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10 questions to ask before joining a gym

Resolving to lose some fat and build muscle in the New Year?

Every year millions of people crowd into gyms in January armed with willpower and a hefty dose of tenacity that soon evaporates as quickly as the snow melts into spring mud. Protect your enthusiasm by joining a gym you'll actually like. To guarantee that the health club you eventually choose slims your waistline instead of your wallet, get satisfactory answers to these 10 questions.

Joining a gym?
Ask these important questions before joining a gym.
Is this the right gym for you
1. Is a contract required?
2. Does the gym offer a trial membership?
3. Are staff members degreed or certified?
4. Has anyone ever been hurt here?
5. How old is the equipment?
6. When is the gym open?
7. Which services or amenities cost extra?
8. May I see a class schedule?
9. Do you offer child care?
10. Will the club waive the initiation fee?

1. Is a contract required? If so, check out the terms carefully, says Joe Decker, co-author of "The World's Fittest You."

"Do not get roped into an extended contract," he says. Decker speaks from experience. The general manager of Level Fitness, a Washington D.C.-area gym, he still feels the burn from having three months left on his contract with another facility. "It's not the money," he says. "It's just the point that I can't get out of it."

His new club offers only month-to-month memberships. "You move, you change jobs, you buy a home," he says. "I don't want people to feel like they're stuck."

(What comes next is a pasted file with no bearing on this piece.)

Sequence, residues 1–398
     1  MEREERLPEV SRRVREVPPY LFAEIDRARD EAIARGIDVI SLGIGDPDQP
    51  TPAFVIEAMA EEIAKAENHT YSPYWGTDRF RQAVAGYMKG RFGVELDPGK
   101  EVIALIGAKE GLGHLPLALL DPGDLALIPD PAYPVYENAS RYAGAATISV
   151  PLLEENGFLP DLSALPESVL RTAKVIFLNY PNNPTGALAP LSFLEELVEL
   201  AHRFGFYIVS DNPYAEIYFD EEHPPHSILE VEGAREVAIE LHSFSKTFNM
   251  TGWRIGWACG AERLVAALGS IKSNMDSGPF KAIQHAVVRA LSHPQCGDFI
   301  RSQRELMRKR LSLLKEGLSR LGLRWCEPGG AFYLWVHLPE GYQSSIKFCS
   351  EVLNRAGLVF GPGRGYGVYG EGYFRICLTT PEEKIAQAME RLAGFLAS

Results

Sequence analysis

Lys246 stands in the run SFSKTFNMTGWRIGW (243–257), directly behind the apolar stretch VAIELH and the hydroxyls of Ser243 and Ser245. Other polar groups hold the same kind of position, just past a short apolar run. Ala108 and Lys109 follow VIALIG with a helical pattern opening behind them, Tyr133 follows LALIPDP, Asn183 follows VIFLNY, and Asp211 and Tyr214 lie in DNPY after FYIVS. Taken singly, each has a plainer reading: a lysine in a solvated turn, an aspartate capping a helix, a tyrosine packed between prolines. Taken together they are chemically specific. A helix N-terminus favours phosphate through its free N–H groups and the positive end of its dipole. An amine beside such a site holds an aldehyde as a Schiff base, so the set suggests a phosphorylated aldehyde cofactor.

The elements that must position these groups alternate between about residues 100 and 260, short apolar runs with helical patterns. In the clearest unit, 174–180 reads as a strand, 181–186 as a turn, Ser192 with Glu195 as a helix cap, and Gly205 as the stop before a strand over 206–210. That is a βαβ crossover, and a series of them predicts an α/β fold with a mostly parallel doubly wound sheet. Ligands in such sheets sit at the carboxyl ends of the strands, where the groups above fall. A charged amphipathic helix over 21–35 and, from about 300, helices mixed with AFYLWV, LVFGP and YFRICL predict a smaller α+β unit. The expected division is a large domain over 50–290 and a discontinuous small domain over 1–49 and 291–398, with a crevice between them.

2. Does the gym offer a trial membership? Try the facility before you buy. "I would say two weeks is fair," says Kathy Kaehler, author of "Real World Fitness with Kathy Kaehler."

This is the time to test drive the offerings that really interest you, notes Brooke Siler, author of "The Pilates Body Kit." Is the pool accessible when you're able to go? Are the classes that you want to take offered when you're available to attend? When you try out the gym in real life conditions, what's it really like?

Siler, an owner and instructor at New York's re: AB Pilates, recently scoped out a class at another facility. The experience was a turnoff. The teacher didn't ask if anyone was dealing with injuries or even if any of the students were first-timers, she recalls.

"And there were 48 people in the class," Siler says. "You couldn't even move."

3. Are staff members degreed or certified? "Some places will take a warm body and throw them back there," says Decker. "There's no set standard."

His advice: Look for certification from the American College of Sports Medicine or the American Council on Exercise or degrees in related fields, such as kinesiology, exercise science or sports medicine. And make sure instructors are also trained in CPR and first aid, Decker says.

"If you find a place where everyone is certified or has a degree," he says, "it's probably a pretty decent place."

4. Has anyone ever been hurt here? Granted, you might not always get an honest answer. But if you seem to be getting along well with the staffer who is showing you around, you ask anyway, says Siler. "Sometimes if you catch them off guard, they may say 'Oh, I've seen a couple of things,'" she says. Bottom line: It can't hurt to ask.

5. How old is the equipment? "Like any other technology, exercise equipment is constantly changing," says Decker.

If you want a club that's going to be around, look for one that's making the investment in up-to-date equipment and training.

"Some places open up, take your money and never replace equipment," says Decker. "They never put any money back in the club. You want to go to a place where people really like it, really care about it."

Next: "Visit at peak hours to see just how jammed it can get."
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